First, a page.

According to the AARP, one of the main reasons people aren’t able to save money for retirement is the amount of money they’re already spending on repaying debt. The amount of consumer debt has doubled in the last twenty years, with consumers now owing nearly $16 trillion in debt. While almost three fourths of that debt is from home mortgages, about 25% is from student loans, vehicle loans and unsecured debt like credit cards and personal loans. Forty-five percent of that debt is owed by people over the age of 50 and over 70% of people over the age of 50 have debt they’re trying to repay. The statistics for people over 75 are even more alarming. The AARP says that the percentage of people over 75 with debt more than doubled in the last two decades.
It’s not difficult to understand that as people age, the likelihood of paying off debt from wages or other earned income grows dimmer each year. During the time of life that people should be focused on growing their retirement accounts they’re instead focused on repaying debt. AARP reports that among people over age 50 with debt, 10% of them have debt considered “high,” meaning their monthly debt payments are too high compared to their monthly income. These older people are spending over 40% of their income on repaying debt. Depending on a person’s ethnicity, between 26-46% of people responding to a survey said their debt was preventing them from dealing with other financial priorities, like retirement.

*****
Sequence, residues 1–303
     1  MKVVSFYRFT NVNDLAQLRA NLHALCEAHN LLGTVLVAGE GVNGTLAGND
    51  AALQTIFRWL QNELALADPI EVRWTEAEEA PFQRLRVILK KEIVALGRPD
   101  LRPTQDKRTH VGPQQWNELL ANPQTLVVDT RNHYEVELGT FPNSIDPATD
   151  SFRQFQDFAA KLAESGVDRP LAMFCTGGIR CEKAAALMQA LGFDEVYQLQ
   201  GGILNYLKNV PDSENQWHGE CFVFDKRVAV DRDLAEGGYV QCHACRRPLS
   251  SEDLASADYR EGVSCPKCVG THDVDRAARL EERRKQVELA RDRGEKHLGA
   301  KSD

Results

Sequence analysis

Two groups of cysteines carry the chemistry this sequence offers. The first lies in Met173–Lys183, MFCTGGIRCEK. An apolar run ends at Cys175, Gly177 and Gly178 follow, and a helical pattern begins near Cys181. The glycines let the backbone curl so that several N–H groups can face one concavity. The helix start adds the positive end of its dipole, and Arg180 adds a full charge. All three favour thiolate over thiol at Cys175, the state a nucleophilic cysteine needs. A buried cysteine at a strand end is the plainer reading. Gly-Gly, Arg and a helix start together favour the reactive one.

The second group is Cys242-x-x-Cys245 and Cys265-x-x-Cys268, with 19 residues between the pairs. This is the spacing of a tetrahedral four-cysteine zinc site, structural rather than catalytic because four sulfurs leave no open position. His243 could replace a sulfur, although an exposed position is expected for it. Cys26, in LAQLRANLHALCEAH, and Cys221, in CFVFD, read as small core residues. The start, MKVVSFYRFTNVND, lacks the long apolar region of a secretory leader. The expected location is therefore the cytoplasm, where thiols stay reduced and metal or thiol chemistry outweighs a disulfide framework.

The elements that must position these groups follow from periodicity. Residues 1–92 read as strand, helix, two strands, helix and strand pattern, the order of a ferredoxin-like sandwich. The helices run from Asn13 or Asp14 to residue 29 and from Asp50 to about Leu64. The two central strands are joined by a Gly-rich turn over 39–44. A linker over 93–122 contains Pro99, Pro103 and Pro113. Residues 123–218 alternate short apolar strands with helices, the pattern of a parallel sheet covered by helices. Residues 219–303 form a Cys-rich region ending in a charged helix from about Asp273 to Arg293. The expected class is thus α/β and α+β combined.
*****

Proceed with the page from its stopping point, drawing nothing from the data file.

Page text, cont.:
It doesn’t have to be this way, however. Bankruptcy, either Chapter 7 or 13, can eliminate or reduce the unsecured dcbt that makes up 25% of the debt held by consumers. Even discharging student loans in bankruptcy can become easier as people age and have a shorter time period for earning income. I often tell potential clients that if it’s going to take longer than 3-4 years to pay off debt then bankruptcy should be considered instead. Even with Chapter 13 bankruptcy, people will likely have no unsecured debt after five years. More time should instead be used to build retirement accounts or college accounts for children. If you feel unable to save for retirement because of debt, contact me so we can discuss how bankruptcy might help.